“I am being seen as a real actress, doing what makes me feel pushed and motivated.” – Zendaya on Her Career Growth
It seems that almost any performer who begins his or her career on a Disney Channel show has an uphill battle once they grow up — despite being popular with audiences, they are faced with the challenges of having to prove that they are both talented and committed to growing as actors and that their popularity isn’t fleeting. Actress Zendaya, who started her career on the show Shake It Off in her early teens, is the latest to face those career hurdles. In an interview with Marie Claire, Zendaya speaks about why she is continuing to pursue acting and the difficulties she has faced.
Zendaya explains that despite being known for many things, she is currently focusing on improving herself as an actress and expanding her range. She says, “Right now, acting has been a great outlet. It’s definitely been a process, especially because I’m coming from this very different world of Disney. Having been consistently on a television show, I felt stagnant. Not having that anymore, I am being seen as a real actress, doing what makes me feel pushed and motivated. I don’t necessarily think comfort is always the best place to live in. I’m kind of excited as I decide what projects I want to take on or if I want to produce. I’ve really found the power in just doing what makes me happy.”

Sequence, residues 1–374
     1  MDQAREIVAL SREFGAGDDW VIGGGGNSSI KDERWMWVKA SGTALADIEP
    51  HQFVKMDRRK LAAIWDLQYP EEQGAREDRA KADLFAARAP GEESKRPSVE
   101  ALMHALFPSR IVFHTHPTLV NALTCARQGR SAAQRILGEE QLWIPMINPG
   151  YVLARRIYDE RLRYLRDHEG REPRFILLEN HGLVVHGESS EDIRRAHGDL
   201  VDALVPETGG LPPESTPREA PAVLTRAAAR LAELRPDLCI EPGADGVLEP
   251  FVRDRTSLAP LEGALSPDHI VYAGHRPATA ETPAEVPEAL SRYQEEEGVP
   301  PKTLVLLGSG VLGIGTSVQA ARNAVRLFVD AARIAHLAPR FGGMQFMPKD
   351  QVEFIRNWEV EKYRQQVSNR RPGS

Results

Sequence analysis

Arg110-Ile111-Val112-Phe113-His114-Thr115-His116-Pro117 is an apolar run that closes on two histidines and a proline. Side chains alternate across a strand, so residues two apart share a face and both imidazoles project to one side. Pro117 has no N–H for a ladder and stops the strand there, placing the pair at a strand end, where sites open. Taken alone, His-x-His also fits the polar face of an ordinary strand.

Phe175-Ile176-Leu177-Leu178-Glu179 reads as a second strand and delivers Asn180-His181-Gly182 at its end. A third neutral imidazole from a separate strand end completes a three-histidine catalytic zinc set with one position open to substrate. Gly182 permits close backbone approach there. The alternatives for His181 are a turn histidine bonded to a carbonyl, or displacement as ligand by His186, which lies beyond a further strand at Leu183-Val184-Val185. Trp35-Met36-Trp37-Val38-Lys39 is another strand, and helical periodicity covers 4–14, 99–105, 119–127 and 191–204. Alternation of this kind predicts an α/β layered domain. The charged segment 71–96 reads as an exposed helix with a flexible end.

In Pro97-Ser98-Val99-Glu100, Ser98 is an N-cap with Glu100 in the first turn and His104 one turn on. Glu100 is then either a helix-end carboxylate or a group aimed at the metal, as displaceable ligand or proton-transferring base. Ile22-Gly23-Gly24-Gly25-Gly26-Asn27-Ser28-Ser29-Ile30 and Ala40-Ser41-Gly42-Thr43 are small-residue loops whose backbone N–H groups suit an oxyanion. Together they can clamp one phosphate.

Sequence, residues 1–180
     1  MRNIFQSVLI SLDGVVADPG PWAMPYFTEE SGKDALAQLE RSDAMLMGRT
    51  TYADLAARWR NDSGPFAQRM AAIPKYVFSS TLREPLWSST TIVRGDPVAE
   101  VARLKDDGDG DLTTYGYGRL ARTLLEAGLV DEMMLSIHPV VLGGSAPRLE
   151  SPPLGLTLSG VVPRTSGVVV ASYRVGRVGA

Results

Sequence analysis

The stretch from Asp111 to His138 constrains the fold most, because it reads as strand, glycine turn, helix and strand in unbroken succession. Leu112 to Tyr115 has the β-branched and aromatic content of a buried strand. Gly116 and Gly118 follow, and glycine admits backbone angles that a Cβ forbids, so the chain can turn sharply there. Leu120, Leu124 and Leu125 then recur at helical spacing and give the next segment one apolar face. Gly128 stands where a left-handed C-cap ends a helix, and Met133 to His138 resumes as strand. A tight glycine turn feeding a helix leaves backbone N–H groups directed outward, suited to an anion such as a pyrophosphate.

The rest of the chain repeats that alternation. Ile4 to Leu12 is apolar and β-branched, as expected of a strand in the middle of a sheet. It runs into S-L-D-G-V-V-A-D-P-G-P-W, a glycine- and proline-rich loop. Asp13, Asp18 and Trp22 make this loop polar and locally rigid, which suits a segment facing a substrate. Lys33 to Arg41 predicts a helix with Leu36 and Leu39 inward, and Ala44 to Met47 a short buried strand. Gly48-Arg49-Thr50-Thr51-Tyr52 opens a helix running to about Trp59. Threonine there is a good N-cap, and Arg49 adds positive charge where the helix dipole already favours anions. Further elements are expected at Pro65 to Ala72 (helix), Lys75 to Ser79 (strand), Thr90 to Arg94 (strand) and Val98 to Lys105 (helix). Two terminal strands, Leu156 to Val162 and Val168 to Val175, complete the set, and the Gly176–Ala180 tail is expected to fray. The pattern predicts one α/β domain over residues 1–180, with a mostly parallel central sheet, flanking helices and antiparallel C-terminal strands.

Being that she is still such a young actress, Zendaya says that she’s received a lot of advice suggesting what directions she need to go in — but she’s committed to focusing on what she wants to do. She explains, “There’s going to be a lot of different opinions and a lot of people telling you what you should do and what you shouldn’t do, but I had to home in on what Zendaya wanted and drive straight toward that. There’s something liberating about making decisions for yourself. A huge part of it was to take my time. I wanted to create who I was as a person outside of my Disney character.”
Even though she is already famous, that didn’t mean that parts have come easy for her. After all, many already have a preconceived notion of who she is. Zendaya says, “There was a lot of not getting the audition that I wanted and often going out for parts that weren’t written for a girl who looks like me and just saying, ‘Hey, see me anyway,’ until the right thing stuck. Whenever I’ve been persuaded or trying to do something to please somebody else or because there’s pressure from people in general to make a decision, it always blows up in my face. So I have been in this zone of only doing shit because I want to do it and because it feels right all the way through.”
An example of Zendaya going out for a role that didn’t seem to fit her — and successfully getting it — was playing Michelle Jones in Spider-Man: Homecoming. She recalls, “I definitely went into it like, ‘Hopefully they’ll’—as they call it in the industry—’go ethnic.’ I remember making the decision to straighten my hair. I didn’t know that they were going to be more diverse in their casting. I didn’t know that I was walking into a situation where they were already breaking the rules. You get so used to having to break the rules for people.”
Of course, that hasn’t worked every time Zendaya has gone for a role. She continues, “I’m an actress. We’ve all experienced getting the no’s, and that’s okay. I always say, ‘If you don’t get cast, it wasn’t yours to begin with.’ But there’s been a few things. I always tell my theatrical manager, ‘Anytime it says they’re looking for white girls, send me out. Let me get in the room. Maybe they’ll change their minds.’ And, honestly, if there’s a part that I didn’t get or that I really wanted at the time, shit always ends up working out.”